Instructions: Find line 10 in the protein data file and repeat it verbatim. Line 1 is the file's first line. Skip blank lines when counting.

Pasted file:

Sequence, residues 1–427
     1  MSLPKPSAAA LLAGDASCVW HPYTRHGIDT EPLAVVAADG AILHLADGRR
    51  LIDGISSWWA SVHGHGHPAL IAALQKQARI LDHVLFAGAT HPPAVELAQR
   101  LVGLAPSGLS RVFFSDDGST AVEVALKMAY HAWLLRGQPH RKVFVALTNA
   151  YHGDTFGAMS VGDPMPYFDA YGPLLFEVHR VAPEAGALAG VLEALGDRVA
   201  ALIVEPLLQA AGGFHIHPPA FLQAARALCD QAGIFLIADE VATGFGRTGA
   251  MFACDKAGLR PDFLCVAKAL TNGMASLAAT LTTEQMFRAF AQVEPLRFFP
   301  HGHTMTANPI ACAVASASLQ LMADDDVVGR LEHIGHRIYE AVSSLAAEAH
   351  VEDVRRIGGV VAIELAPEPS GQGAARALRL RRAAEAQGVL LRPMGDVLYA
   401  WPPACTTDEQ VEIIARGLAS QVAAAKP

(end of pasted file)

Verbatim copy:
   401  WPPACTTDEQ VEIIARGLAS QVAAAKP